Netflix Names Squeo to Communications Post

Former WSJ reporter will help with network neutrality; split time between D.C. and Los Gatos
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Anne Marie Squeo, formerly managing director of communications firm 30 Point Communications has joined Netflix as director of corporate communications. She replaces Joris Evers, who is moving to Europe as VP, communications. (Netflix announced last week that it will launch streaming services in six more European countries later this year).

Squeo will work out of both the D.C. office and Netflix's Los Gatos headquarters. Jonathan Friedland, Netflix chief communications officer, told B&C that like Evers, Squeo will help out on the network neutrality front. Before her corporate communications career with various companies, Squeo was a journalist with Bloomberg and The Wall Street Journal, where she shared a Pulitzer prize for national reporting.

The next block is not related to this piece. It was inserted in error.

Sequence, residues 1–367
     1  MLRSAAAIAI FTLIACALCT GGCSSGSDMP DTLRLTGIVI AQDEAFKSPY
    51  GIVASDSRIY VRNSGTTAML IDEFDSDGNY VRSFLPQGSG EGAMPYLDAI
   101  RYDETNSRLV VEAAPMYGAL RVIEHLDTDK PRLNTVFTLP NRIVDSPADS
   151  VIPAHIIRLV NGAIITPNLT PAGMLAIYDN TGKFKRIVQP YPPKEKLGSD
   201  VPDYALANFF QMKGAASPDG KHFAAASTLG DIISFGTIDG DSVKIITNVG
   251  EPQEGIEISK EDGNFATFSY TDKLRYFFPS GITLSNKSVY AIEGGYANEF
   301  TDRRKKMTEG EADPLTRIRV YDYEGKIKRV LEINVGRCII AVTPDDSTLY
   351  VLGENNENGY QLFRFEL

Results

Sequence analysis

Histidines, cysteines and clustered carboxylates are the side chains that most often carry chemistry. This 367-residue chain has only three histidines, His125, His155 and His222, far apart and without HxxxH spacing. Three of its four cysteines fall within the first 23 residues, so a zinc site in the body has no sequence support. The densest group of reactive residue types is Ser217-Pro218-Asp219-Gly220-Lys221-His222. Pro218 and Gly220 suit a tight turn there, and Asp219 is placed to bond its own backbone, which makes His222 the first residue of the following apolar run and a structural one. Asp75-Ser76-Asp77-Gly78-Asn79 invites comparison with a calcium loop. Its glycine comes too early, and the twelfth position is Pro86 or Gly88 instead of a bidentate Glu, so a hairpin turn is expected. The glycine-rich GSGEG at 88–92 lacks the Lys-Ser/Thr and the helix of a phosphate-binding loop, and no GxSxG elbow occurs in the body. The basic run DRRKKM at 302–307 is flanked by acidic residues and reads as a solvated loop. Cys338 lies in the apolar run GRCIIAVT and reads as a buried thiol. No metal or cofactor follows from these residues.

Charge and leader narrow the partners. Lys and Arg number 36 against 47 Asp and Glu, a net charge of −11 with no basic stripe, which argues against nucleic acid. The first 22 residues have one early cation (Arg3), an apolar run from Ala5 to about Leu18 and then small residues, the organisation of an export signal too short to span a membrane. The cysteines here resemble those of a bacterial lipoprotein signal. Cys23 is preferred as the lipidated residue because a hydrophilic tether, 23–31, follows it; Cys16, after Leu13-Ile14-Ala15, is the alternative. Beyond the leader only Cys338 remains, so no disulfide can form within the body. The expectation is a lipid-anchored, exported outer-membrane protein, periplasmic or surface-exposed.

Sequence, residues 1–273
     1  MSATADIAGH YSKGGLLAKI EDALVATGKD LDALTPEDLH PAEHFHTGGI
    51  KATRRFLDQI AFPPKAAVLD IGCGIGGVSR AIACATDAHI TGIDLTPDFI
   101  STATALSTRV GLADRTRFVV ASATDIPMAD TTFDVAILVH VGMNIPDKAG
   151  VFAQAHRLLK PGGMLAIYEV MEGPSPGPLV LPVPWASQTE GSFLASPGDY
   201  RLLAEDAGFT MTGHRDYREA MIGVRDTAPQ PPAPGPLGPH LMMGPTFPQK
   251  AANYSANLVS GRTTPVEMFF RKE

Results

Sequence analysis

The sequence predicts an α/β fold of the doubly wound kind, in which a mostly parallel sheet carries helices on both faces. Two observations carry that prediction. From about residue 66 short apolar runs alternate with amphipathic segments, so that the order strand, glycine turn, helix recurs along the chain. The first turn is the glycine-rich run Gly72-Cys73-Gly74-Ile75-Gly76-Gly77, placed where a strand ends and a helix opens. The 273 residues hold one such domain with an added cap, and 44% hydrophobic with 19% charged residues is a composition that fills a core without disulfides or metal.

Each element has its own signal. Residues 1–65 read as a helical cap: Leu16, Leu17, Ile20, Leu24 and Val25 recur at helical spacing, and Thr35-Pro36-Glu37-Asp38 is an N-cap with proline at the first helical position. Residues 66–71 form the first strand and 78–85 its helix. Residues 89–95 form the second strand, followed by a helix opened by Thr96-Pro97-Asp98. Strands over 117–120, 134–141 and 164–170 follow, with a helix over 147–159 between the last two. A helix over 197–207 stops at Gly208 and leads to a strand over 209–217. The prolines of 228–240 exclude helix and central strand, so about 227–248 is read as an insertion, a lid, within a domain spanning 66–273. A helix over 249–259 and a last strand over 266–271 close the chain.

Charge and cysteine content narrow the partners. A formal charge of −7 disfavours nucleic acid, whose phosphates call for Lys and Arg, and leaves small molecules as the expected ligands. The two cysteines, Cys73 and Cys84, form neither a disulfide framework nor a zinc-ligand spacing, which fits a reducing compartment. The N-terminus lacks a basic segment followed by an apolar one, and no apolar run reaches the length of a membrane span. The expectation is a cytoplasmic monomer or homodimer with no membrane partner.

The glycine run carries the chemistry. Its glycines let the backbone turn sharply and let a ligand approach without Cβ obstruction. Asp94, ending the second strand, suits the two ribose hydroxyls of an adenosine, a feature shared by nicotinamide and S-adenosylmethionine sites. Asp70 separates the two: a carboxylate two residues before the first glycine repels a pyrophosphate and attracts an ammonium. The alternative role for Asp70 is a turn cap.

FCC Chairman Tom Wheeler has said that ISP peering arrangements were outside the scope of the FCC's new open Internet order--the FCC is trying to reinstate rules thrown out by the court. But in a speech to the Progressive Policy Institute last week, Wheeler chief of staff Ruth Milkman indicated that could change. Netflix has argued that peering does have net neutrality implications.

She cited disputes between Comcast and Level 3 in 2010, and Comcast, Cogent and Verizon earlier this year, and said the FCC did not have the answer to whether those were business negotiations that the marketplace was resolving, or signs of a breakdown in interconnection and traffic exchanges on the Internet.

Netflix has complained that it was essentially forced into a paid peering arrangement with Comcast, while the cable op has said Netflix was the one who wanted to cut out the middleman and deal directly.

Milkman said that Internet interconnection was outside the scope of the 2010 open Internet order, but only outside the "proposed" scope of the 2014 Notice of Proposed Rulemaking. She pointed out that some parties have sought to expand the scope of the 2014 network neutrality rule effort to include Internet backbone issues like traffic exchanges and peering. She said the FCC will vet those comments and "learn from [them]."

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